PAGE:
Also from Bitesize, try these GCSE maths – quick-fire quizzes, each quiz has 10 quick-fire questions that should take approximately 5-10 minutes to complete. You can take the quiz again and answer a new set of questions. Answers are all explained.

The new Casio Calculators are appearing, here’s Jack Brown’s first look at the Casio FX-991CW.

And from an absolute favourite Calculator guide author, The Calculator Guide, Inequalities On A Number Line On A Casio fx-83GTCW | fx-85GTCW. I am looking forward to more from the Calculator Guide, keep an eye on these playlists on The Calculator Guide YouTube Channel.

Some great resources that have caught my eye recently:

The word problems are available on All About Maths. The booklets have been designed by shadowing past exam questions to help students gain ample practice in answering such questions. Two levels of difficulty are available: basic and multi-step. For students who need a little extra support, note the booklets with ‘starter advice’ which could be useful to provide scaffolding.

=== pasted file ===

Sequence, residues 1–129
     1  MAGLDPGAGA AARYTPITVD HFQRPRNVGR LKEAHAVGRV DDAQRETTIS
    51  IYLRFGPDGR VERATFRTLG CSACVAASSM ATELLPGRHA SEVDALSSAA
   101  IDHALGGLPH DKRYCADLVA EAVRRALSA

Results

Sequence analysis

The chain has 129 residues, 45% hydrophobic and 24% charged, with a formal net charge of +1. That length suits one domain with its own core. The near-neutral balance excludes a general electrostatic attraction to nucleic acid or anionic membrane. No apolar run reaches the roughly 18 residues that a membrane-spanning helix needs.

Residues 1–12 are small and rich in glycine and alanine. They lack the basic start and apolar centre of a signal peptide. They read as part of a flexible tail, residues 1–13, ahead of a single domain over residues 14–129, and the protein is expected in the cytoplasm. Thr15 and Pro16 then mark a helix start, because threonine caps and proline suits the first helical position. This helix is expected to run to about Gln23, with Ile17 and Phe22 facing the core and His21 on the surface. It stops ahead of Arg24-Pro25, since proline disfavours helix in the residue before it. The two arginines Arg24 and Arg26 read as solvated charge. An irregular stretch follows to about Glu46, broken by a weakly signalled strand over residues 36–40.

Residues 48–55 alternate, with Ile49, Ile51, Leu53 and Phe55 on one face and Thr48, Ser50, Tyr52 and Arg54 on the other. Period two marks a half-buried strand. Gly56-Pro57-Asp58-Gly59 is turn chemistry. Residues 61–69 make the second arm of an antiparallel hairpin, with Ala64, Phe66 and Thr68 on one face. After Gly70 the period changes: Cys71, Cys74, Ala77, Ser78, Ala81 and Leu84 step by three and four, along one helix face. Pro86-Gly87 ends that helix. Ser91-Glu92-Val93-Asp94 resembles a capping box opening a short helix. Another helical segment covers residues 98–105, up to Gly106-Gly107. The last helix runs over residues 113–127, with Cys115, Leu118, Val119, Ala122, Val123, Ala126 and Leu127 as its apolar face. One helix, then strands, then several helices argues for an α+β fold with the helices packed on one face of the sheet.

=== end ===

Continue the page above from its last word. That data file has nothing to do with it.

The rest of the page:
AQA’ s all about Maths is a resource site for teachers with numerous excellent resources. The resources are for teachers who offer, or are considering offering AQA maths qualifications; see How to get access to AQA All About Maths and register here.

From NCETM, have a look at these new resources on Algebraic Thinking.

These materials for exploring algebra with KS3 students are all freely available to download from the NCETM website. The 6 resources include PowerPoint slides and very helpful notes for teachers including the rationale behind each topic, useful language for teachers to model, how to address misconceptions, and how the topic might be explored in the context of KS2 to KS3 transition..

The notes suggest that this Checkpoint activity could be used to introduce the Balance Beaam resource. A reminder that you can find all the Checkpoint activities on the NCETM webste.

From the brilliant Nathan Day Calculate Cleverly, Trigonometry, and Mathematical Quotations :

One of the Lesson Planning series of pages is on Misconceptions, this has been updated recently to include examples of helpful material from the examination boards which address common misconceptions, such resources can promote very useful class discussion as can examiners’ reports.

Edexcel’s A Level scheme of work which is freely available on their website includes for each section, Common misconceptions/examiner report quotes. The point made in the notes which follow is such an important comment, I have seen many errors that would have been avoided if only students had looked at a picture of their work.

From Tim Brzezinski, here’s a lovely collection of Open Middle themed problems where students build special quadrilaterals in the coordinate plane so vertices have no repeated coordinates.

On the subject of quadrilaterals, have a look at this new resource, a Measuring Shapes workbook from Curriculum for Wales.